By M.B. Pell and Kristina CookeNEW YORK/SAN FRANCISCO, April 29 (Reuters) – A doctor who took kickbacks from a Pennsylvania hospice involved in a multimillion-dollar fraud. An Ohio psychiatrist who billed for treating no-show patients. A Georgia optometrist who claimed he conducted 177 eye exams in one day.
Their transgressions vary. What these doctors have in common is that each was paid by a state Medicaid health insurance program after being kicked out of another state’s Medicaid system or the federal Medicare program.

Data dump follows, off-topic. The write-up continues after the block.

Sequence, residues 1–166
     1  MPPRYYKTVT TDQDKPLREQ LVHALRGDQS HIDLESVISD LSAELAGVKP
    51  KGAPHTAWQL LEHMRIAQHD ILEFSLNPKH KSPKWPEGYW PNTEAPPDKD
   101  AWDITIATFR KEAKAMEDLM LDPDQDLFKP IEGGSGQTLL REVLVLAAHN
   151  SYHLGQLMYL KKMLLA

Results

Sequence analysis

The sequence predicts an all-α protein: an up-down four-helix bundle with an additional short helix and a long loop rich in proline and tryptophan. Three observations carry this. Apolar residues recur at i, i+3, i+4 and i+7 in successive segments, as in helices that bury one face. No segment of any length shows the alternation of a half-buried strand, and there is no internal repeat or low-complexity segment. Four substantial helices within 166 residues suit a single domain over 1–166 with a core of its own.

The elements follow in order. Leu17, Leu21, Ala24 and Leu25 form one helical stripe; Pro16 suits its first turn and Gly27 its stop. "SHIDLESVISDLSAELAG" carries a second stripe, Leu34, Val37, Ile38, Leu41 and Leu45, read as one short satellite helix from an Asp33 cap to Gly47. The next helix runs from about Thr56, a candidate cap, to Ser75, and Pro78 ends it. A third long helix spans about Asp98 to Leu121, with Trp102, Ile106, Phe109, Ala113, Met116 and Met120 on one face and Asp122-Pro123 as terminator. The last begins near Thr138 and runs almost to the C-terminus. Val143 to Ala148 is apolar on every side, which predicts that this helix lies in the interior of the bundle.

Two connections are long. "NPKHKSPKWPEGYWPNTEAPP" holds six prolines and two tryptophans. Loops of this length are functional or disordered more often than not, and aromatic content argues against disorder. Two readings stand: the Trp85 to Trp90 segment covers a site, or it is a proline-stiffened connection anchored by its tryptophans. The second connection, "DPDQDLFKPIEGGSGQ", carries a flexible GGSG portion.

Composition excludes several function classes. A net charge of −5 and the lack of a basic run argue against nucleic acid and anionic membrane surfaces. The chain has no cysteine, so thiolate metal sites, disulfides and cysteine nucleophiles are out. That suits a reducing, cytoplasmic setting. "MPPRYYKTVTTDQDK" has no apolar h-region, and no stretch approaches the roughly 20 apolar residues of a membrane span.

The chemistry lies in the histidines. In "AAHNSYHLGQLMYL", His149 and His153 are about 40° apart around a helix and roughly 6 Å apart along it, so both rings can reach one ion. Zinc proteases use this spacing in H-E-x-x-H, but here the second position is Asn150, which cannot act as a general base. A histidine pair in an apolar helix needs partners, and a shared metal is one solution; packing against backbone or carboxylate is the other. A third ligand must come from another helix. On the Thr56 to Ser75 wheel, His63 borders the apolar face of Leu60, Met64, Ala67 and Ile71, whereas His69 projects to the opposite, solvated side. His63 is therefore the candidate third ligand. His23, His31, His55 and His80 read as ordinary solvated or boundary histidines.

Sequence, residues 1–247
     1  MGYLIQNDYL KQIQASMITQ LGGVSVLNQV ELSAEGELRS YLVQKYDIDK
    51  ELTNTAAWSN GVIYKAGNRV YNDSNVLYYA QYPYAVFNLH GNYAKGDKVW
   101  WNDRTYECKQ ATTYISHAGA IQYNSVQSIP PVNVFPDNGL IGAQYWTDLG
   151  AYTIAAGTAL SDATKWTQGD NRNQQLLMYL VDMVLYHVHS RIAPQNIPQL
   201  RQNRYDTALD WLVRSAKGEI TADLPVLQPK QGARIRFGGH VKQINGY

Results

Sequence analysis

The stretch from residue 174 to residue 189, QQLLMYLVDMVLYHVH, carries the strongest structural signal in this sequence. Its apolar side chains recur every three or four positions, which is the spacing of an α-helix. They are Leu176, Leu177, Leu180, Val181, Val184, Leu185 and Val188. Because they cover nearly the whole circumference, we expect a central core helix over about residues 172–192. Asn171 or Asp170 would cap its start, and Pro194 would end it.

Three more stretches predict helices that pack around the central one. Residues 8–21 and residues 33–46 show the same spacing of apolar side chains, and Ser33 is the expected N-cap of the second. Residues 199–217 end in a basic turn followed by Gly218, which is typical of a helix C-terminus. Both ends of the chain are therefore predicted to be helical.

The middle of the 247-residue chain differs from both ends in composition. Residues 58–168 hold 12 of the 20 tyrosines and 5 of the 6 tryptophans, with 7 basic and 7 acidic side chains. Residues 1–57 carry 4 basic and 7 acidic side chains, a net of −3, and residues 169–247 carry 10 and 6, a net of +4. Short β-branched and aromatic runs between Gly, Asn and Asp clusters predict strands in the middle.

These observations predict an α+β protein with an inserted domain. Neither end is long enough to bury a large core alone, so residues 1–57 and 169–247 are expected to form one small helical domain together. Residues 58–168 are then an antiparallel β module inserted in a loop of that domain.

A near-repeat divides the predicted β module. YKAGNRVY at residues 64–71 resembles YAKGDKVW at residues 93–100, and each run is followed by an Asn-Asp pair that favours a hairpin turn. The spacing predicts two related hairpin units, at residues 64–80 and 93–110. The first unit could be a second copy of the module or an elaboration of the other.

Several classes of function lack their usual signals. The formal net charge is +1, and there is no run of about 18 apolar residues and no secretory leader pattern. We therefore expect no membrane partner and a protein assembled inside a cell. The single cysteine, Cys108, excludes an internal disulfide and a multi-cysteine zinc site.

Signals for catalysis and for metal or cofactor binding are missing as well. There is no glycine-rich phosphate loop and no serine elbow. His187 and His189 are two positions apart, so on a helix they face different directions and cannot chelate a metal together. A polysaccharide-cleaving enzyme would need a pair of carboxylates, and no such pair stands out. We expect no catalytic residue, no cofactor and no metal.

That’s not supposed to happen. The Affordable Care Act, or Obamacare as it is popularly known, explicitly requires that states suspend the billing privileges of most providers who have been “terminated” or “revoked” by another state or Medicare.